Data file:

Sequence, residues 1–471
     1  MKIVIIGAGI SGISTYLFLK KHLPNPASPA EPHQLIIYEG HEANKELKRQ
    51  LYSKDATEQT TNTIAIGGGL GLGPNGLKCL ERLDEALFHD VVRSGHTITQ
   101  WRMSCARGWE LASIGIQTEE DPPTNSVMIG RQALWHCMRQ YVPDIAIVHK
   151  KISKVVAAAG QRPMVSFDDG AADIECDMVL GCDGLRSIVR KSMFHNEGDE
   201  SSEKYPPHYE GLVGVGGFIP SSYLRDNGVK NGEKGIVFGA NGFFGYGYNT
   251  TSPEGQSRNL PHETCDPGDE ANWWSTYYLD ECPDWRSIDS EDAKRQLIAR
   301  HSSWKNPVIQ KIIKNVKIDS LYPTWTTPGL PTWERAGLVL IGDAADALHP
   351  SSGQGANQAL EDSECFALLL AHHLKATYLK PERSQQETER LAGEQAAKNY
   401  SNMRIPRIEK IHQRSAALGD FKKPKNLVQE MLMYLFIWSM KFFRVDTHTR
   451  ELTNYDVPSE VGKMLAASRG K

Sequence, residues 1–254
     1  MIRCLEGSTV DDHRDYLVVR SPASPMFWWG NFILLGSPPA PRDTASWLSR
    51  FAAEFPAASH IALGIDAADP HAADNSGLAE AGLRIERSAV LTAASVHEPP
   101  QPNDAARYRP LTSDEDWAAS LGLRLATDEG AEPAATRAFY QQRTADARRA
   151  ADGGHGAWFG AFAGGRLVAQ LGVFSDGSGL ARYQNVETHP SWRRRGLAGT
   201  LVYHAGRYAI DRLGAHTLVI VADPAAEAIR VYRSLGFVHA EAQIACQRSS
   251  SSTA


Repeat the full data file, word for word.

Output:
Sequence, residues 1–471
     1  MKIVIIGAGI SGISTYLFLK KHLPNPASPA EPHQLIIYEG HEANKELKRQ
    51  LYSKDATEQT TNTIAIGGGL GLGPNGLKCL ERLDEALFHD VVRSGHTITQ
   101  WRMSCARGWE LASIGIQTEE DPPTNSVMIG RQALWHCMRQ YVPDIAIVHK
   151  KISKVVAAAG QRPMVSFDDG AADIECDMVL GCDGLRSIVR KSMFHNEGDE
   201  SSEKYPPHYE GLVGVGGFIP SSYLRDNGVK NGEKGIVFGA NGFFGYGYNT
   251  TSPEGQSRNL PHETCDPGDE ANWWSTYYLD ECPDWRSIDS EDAKRQLIAR
   301  HSSWKNPVIQ KIIKNVKIDS LYPTWTTPGL PTWERAGLVL IGDAADALHP
   351  SSGQGANQAL EDSECFALLL AHHLKATYLK PERSQQETER LAGEQAAKNY
   401  SNMRIPRIEK IHQRSAALGD FKKPKNLVQE MLMYLFIWSM KFFRVDTHTR
   451  ELTNYDVPSE VGKMLAASRG K

Sequence, residues 1–254
     1  MIRCLEGSTV DDHRDYLVVR SPASPMFWWG NFILLGSPPA PRDTASWLSR
    51  FAAEFPAASH IALGIDAADP HAADNSGLAE AGLRIERSAV LTAASVHEPP
   101  QPNDAARYRP LTSDEDWAAS LGLRLATDEG AEPAATRAFY QQRTADARRA
   151  ADGGHGAWFG AFAGGRLVAQ LGVFSDGSGL ARYQNVETHP SWRRRGLAGT
   201  LVYHAGRYAI DRLGAHTLVI VADPAAEAIR VYRSLGFVHA EAQIACQRSS
   251  SSTA